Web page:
Under Article II, Section 4, executive officials may only be removed from office by impeachment for and conviction of treason, bribery, and other high crimes and misdemeanors. Under Article I, Congress has the sole authority to conduct the process. The House of Representatives can impeach officials by vote of a simple majority. Impeachment serves as an accusation of misconduct. Once impeached, an official faces trial in the Senate, which can remove the official by vote of at least a two-thirds majority. The federal judiciary plays no role in the process.
There is one small exception to this rule. Normally, the vice president presides over Senate impeachment trials because he is officially the president of the Senate under Article I, Section 3, of the Constitution. When the president faces an impeachment trial in the Senate, however, the chief justice of the Supreme Court presides instead of the vice president. Because the vice president stands to get the job of a president who is removed from office, it would not be fair to let him or her preside over the trial. In this way, the chief justice serves as a check on the vice president's senatorial power and, therefore, a check on the legislative branch as well.
The chief justice, who is the leader of the Supreme Court, has a limited role in presidential impeachment trials. He or she does not get to vote whether to convict and remove the president. The chief justice mainly interprets and enforces the Senate's rules for conducting the trial. Under the rules, the Senate can overrule an interpretation or decision by the chief justice. The chief justice's presence, however, lends an air of credibility and authority to the controversial business of trying to remove a president from office. In American history, there have been only two times that a president has been impeached: Andrew Johnson (1808–1875; served 1865–69) in 1868 and Bill Clinton (1946–; served 1993–2001) in 1998. Neither was removed from office, though Johnson retained his position by only a single vote.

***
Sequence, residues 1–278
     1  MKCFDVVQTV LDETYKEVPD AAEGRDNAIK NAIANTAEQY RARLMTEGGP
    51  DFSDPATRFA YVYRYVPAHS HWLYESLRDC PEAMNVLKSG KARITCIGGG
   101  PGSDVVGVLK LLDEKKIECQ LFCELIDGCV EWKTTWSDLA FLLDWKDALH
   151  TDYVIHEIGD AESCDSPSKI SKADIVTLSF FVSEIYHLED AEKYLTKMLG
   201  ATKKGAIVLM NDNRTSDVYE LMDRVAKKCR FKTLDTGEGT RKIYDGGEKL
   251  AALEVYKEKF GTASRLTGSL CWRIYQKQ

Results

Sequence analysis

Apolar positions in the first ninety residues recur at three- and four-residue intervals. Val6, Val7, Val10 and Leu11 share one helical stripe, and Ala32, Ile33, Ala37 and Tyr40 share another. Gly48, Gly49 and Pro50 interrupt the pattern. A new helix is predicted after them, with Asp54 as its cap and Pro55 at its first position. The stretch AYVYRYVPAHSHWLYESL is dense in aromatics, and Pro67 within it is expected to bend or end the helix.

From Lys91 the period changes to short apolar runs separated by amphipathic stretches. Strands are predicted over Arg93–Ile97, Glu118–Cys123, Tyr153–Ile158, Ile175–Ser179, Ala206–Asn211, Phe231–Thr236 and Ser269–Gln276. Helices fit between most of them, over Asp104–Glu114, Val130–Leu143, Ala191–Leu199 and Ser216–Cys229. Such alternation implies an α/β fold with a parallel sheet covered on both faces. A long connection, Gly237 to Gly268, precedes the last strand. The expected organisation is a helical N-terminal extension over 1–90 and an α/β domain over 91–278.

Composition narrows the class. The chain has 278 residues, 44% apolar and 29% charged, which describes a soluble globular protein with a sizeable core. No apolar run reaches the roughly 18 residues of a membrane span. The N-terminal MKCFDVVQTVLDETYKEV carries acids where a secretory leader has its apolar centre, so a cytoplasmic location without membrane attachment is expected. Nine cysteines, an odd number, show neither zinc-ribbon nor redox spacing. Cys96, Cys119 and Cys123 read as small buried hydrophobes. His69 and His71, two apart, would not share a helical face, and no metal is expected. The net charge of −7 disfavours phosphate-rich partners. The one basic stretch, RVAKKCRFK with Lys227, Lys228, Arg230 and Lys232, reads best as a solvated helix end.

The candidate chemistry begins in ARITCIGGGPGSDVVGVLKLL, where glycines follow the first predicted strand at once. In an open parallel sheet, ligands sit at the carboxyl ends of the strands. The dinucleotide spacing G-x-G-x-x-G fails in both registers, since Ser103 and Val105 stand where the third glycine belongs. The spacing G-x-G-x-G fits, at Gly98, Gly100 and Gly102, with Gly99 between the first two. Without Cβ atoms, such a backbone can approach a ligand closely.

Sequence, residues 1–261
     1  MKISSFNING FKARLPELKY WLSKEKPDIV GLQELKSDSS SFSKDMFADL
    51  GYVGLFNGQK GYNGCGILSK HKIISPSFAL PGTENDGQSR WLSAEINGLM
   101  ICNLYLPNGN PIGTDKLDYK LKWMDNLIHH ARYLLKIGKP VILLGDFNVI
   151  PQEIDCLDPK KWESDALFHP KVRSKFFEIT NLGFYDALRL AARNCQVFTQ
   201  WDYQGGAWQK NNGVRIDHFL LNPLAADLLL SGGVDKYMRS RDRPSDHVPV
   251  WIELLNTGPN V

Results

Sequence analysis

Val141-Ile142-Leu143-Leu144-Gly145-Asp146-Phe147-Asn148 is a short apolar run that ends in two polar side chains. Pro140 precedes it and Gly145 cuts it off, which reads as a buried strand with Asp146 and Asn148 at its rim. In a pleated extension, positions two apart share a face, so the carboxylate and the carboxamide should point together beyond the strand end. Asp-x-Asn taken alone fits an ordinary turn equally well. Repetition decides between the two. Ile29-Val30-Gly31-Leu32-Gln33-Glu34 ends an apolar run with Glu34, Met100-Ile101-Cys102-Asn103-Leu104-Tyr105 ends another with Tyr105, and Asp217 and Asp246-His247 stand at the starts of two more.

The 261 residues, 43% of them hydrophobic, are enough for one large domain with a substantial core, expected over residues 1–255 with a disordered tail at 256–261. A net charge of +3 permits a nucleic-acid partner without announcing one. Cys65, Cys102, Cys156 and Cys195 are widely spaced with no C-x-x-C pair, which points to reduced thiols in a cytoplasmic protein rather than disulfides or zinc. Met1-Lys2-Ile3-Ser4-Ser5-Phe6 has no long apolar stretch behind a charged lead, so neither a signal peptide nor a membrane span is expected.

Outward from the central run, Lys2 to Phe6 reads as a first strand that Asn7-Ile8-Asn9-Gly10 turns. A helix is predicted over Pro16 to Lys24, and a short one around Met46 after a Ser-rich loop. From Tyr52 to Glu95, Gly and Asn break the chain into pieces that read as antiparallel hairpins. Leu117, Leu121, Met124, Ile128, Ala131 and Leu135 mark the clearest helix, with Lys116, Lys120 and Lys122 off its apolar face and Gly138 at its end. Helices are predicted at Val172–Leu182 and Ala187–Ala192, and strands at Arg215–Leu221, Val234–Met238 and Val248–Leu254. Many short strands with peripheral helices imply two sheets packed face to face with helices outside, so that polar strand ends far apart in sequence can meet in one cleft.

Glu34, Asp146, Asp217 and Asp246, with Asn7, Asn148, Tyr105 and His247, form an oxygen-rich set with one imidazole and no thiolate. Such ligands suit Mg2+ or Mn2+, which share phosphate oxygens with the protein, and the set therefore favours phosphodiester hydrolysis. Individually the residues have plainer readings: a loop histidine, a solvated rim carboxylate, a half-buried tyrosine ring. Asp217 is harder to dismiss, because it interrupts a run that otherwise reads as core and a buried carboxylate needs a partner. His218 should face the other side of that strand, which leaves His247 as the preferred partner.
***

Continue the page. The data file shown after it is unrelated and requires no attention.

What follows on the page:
Under Article II, Section 2, of the Constitution, presidents have the power to nominate people to serve on the Supreme Court and lower federal courts. The Senate gets to vote whether to approve or reject these nominations. A simple majority is all that is required to approve the president's choices.
Supreme Court justices and lower federal judges serve as long as they want unless impeached and convicted by Congress for treason, bribery, or other high crimes and misdemeanors. This means presidents cannot remove them from office. Presidents get to appoint new justices and judges only when one retires or when Congress creates a new seat on a court.
The power to appoint justices and judges to the Supreme and lower courts, however, acts as a check on the power of the Court. This is especially true when the president's political philosophy differs greatly from those of the Supreme Court justices. When justices retire, the president can affect the Supreme Court's decisions for years or decades into the future by nominating justices who agree with his philosophies, as long as the Senate approves the nominations.